DTM Lausitzring 2017: Auer and Green win

DTM Lausitzring 2017
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L ucas Auer continued at the Lausitzring where he had left off two weeks earlier at Hockenheim. The 22-year-old Austrian took pole on Saturday and he won the Saturday race seemingly effortlessly ahead of Robert Wickens. On Sunday, however, Auer was brought back down to earth.

In the qualification he did not manage a decent lap. And those who start in 15th place can be happy with the top-class DTM starting field if they can get a championship point in tenth place in the race. Championship leader Auer now has 69 points in his account after four of 18 races, one more than he collected over the entire season in 2016 when he finished twelfth.

Green trumps Wickens

Compared to the sometimes very turbulent performances at the start of the season in Hockenheim, it was rather tranquil in Lausitz. But DTM races on the gigantic 320 million mark facility in Brandenburg have rarely been nerve-racking thrillers since 2001. “The Lausitzring is just a technical track,” said Sunday winner Jamie Green.

But the Brit in particular provided a highlight when he took the lead from Robert Wickens, who had been in the lead for a long time, with the help of DRS. Anyone who immediately expected a counterattack from the Canadian was mistaken. Green steadfastly extended his lead. There were two main reasons for this. “Our Mercedes was 15 kilos heavier than the Audi because of the performance weights,” Fritz calculated. In addition, the Audi was much, much nicer to the Hankook standard tires than the Mercedes and especially the BMW. Green's brand companions Mattias Ekström and Mike Rockenfeller also supported this thesis.

Ekström's daring tactics

To avoid the hustle and bustle of traffic in midfield, these two came to the pits after the very first lap for the mandatory tire change. Then there were 150 kilometers on one set of tires - which may sound like a very tricky task. But the reality was different. Ekström, who started eighth, once again made a name for himself as a specialist in daring catch-ups. The Swede came second: “It wasn't difficult. I just drove as fast as I could. ”Wearing tires? Not an issue for Ekström: “I could certainly have done 20 more laps.” Almost every trace of the “drop” of the new Hankook tire generation, which was so dreaded before the season, was missing in Lausitz - at least with the Audi, and, with reservations, also with the Mercedes.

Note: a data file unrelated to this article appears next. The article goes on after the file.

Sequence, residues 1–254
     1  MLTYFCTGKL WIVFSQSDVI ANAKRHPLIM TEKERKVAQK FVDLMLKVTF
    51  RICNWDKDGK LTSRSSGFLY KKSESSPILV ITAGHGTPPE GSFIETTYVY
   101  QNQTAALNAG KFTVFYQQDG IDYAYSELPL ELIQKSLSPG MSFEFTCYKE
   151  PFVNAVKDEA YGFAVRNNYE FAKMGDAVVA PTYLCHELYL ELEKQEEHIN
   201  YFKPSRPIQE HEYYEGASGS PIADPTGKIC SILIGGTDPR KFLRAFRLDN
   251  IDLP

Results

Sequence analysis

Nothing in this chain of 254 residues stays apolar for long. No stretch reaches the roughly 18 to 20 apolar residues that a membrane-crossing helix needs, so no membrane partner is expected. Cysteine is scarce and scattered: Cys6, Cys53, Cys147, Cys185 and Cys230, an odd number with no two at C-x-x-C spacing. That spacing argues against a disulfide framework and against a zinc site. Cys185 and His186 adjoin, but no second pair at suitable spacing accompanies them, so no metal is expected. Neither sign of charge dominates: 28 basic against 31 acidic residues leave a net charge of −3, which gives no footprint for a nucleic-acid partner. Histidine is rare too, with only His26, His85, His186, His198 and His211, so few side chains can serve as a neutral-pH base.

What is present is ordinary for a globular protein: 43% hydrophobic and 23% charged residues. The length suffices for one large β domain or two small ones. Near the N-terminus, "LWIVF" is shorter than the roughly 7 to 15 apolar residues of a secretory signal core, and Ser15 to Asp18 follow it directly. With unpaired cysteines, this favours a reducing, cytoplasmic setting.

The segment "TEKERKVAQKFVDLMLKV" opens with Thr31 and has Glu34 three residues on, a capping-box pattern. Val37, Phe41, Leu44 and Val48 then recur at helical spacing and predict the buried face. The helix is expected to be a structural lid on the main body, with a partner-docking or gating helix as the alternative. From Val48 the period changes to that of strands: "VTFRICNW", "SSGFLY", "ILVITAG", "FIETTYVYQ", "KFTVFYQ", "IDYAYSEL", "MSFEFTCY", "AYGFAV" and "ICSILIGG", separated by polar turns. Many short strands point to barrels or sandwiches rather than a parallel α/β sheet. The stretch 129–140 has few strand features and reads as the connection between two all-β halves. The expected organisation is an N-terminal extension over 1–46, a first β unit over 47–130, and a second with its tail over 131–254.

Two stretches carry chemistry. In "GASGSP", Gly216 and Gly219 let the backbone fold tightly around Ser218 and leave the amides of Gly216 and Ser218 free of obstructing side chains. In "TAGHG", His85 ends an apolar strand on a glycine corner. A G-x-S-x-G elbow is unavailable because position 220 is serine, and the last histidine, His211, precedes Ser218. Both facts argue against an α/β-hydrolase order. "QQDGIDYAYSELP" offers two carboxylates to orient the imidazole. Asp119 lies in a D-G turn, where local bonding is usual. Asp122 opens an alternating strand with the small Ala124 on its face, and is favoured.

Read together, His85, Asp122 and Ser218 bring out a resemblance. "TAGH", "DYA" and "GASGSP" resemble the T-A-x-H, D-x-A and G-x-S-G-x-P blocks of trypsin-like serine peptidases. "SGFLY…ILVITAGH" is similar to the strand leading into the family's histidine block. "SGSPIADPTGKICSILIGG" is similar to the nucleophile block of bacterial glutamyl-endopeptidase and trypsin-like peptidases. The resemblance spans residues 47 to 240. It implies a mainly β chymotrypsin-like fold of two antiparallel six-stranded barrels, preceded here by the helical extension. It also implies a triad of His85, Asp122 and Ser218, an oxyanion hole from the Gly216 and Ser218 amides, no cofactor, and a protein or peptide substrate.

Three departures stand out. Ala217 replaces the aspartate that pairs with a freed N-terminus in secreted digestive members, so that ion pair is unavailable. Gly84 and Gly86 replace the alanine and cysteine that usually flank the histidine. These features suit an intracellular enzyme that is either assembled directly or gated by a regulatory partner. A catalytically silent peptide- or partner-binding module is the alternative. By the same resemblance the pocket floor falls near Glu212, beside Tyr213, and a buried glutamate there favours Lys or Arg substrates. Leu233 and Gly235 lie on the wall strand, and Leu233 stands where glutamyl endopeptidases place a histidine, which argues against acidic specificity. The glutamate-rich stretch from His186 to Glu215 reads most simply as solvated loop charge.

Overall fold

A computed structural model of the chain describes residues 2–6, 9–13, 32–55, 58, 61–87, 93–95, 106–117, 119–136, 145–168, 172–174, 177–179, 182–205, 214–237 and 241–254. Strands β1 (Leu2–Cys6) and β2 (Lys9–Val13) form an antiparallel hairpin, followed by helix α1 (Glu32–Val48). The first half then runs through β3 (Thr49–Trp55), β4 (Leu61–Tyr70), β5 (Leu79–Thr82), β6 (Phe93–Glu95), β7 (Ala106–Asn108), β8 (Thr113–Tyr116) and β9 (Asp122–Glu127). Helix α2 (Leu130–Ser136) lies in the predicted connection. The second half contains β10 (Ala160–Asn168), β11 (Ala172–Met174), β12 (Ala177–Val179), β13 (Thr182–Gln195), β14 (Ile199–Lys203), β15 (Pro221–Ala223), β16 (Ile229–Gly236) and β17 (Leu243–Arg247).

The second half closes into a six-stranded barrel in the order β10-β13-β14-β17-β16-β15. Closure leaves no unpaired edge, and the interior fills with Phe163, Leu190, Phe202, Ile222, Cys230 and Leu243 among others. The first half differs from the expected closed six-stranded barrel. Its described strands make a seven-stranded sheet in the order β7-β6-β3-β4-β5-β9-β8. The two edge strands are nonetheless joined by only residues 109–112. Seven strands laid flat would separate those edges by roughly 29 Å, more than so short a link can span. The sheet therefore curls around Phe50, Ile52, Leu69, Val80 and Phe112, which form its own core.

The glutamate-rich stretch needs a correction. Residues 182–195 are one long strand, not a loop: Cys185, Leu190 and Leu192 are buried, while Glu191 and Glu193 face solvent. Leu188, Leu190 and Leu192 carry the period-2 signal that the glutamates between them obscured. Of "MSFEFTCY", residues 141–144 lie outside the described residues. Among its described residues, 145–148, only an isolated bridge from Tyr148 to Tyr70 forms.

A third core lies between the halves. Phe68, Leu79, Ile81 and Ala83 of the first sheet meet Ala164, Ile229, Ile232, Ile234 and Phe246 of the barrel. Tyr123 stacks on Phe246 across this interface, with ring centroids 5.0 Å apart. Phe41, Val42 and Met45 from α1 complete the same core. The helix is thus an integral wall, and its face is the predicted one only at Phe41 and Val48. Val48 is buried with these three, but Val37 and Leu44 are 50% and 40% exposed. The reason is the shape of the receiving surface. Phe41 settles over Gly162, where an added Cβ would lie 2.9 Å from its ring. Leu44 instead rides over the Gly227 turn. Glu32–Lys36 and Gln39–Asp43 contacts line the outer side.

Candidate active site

In the end, Ekström reached into the bag of tricks. In any case, this was suspected by the suspicious competition that it wasangry that he simply parked his RS 5 in the run-up round. The Swede wanted to have heard “strange noises”: “I parked the car because I didn't want to risk any major damage.” Mercedes man Fritz didn't find this funny: “Next time we'll all drive off with three liters less and stay right after the finish line. ”The DMSB let it go with a warning for Ekström.

Jens Marquardt had completely different worries: One day after his 50th birthday, he looked as if he had not been a year but five years older. The reason for the grief: podium places could only be seen with binoculars because the tires on the M4 deteriorate more than on the competition. “Qualification and races are two worlds for us,” summed up Marquardt. A fourth place for Maxime Martin was the BMW highlight on Saturday. On Sunday, with higher temperatures, it was only enough for 8th place. “As soon as we follow suit, we have problems,” groaned Marquardt. “But basically the speed is there with our car. We keep going. “

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